Obesity Week: How to talk to your children about their weight

Parents need to help their children make healthy food choices. One major issue is making sure they’re getting enough exercise.

And if a child is overweight or obese you need to talk to them about losing weight. But do it in a positive way.

Health officials say never tell a child they are fat or need to go on a diet. That could affect their self esteem.

“Children that are overweight usually grow into overweight teenagers and that puts them into a higher risk for starting to smoke and use drugs or alcohol because they have low self esteem issues,” says Cleveland Clinic Pediatric Dietitian Tara Harwood.

She adds, “Children that are overweight can do poorly in school because they feel more alienated. And they feel they can’t participate in the rest of the class discussion. So that is another big concern.”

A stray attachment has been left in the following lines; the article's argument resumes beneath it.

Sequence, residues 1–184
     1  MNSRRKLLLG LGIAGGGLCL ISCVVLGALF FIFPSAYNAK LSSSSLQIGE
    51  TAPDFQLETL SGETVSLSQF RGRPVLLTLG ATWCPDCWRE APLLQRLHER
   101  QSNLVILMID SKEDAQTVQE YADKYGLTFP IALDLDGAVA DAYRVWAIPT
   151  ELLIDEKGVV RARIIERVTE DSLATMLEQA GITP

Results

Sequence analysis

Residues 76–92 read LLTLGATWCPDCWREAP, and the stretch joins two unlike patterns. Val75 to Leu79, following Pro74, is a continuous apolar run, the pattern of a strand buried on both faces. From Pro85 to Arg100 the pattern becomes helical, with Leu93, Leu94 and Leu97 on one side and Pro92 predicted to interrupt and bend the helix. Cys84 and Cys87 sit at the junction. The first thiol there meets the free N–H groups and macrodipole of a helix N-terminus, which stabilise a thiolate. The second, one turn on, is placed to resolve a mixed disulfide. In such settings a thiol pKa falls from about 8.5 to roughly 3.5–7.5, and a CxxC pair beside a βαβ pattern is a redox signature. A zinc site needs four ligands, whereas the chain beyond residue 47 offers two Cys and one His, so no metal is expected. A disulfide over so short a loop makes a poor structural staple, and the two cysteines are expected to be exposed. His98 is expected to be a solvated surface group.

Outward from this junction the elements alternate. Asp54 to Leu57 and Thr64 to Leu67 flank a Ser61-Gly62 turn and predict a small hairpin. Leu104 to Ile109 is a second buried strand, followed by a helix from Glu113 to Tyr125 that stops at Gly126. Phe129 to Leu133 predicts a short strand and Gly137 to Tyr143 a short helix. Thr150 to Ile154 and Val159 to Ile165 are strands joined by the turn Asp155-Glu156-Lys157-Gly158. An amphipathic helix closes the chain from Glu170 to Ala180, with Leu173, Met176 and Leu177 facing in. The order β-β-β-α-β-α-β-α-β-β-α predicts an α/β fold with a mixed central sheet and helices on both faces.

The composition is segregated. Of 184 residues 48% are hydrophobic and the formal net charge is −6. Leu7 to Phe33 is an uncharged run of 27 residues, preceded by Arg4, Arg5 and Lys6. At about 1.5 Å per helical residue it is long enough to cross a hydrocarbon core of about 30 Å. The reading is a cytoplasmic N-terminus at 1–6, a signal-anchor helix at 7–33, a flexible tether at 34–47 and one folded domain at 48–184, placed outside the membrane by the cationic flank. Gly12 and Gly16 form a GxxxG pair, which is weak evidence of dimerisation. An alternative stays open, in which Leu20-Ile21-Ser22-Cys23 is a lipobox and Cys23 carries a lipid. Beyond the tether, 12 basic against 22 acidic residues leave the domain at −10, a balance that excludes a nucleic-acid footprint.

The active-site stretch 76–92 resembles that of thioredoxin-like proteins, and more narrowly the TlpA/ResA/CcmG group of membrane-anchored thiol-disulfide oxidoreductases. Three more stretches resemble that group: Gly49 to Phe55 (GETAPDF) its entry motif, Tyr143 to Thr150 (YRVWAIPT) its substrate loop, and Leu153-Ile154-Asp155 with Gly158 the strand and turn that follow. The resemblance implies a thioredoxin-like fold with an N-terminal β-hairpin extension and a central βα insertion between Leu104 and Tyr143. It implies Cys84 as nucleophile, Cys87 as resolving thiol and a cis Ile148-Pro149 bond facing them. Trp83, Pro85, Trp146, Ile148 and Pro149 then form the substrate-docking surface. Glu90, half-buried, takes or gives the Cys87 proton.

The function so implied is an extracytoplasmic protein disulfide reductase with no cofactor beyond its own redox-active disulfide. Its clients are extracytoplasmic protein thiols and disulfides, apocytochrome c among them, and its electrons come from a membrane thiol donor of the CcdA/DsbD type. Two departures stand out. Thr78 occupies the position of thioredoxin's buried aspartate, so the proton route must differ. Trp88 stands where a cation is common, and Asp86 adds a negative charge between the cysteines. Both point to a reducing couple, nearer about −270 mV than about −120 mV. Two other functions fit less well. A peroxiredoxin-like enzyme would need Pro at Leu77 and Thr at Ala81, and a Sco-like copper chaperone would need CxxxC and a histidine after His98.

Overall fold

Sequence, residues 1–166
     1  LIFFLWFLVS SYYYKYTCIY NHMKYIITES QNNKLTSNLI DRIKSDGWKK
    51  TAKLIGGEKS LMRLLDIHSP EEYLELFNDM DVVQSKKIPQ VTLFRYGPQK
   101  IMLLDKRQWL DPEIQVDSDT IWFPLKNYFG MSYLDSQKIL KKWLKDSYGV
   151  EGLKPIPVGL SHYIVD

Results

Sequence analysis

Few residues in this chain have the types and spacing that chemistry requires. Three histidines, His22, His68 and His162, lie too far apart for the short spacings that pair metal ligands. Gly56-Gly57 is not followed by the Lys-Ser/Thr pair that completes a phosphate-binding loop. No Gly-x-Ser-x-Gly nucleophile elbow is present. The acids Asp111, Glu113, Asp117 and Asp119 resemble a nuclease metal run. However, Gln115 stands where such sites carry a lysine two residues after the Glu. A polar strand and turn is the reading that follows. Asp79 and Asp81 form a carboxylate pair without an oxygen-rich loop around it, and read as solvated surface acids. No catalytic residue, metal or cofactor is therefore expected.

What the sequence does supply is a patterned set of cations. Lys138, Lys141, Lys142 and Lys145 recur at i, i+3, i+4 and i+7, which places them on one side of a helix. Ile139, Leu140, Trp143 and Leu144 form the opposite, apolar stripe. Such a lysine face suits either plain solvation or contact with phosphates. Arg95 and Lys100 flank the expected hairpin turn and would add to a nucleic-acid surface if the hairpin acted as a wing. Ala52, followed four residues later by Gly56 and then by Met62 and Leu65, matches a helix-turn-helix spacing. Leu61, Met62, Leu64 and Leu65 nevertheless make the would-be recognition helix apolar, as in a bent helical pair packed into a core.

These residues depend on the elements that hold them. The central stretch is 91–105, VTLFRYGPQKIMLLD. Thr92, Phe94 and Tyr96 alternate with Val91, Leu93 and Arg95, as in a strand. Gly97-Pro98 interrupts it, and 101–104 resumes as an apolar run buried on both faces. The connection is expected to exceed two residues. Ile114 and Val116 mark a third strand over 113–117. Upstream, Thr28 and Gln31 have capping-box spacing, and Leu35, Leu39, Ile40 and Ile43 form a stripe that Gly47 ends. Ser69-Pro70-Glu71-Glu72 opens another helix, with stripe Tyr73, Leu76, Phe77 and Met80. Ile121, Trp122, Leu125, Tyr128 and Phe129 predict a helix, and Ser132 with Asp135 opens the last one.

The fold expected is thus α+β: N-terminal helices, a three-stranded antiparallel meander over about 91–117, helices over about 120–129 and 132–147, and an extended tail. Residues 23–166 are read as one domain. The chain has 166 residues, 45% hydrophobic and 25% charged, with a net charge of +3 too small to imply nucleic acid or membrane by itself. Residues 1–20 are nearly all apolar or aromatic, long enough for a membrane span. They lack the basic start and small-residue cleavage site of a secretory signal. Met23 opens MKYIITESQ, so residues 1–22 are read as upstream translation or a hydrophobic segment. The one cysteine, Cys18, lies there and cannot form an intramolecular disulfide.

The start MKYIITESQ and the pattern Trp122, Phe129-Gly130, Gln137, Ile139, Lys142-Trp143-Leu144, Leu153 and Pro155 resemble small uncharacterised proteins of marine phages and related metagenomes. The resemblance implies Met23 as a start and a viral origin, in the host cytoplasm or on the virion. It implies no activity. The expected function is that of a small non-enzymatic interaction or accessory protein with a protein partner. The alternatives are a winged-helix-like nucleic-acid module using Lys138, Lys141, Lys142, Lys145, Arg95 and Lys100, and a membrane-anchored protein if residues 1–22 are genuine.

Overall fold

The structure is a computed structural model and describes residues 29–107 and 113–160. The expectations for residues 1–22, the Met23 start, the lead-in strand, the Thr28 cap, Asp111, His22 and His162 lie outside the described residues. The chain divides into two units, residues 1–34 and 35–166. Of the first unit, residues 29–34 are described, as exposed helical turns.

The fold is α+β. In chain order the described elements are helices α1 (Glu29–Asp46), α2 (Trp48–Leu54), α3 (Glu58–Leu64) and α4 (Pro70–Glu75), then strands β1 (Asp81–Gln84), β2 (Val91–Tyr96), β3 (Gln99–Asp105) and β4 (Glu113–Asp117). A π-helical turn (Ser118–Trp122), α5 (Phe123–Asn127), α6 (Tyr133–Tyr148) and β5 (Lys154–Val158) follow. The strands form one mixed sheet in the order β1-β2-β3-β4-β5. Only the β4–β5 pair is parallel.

So, parents need to approach the subject about their child’s weight gently. You don’t want to give them a bad body image.


Harwood says, “I want parents to say I love you I love you no matter what but I don’t want you to feel like you are discriminated against or you are being held back in life because of your weight and I want you to be healthy most of all.”

Some tips to make this a positive experience:

  *    Make eating right and exercising a family affair
  *    Eat as a family at the dinner table
  *    Don’t reward your children with food.

Darrielle Snipes

Provided by ArmMed Media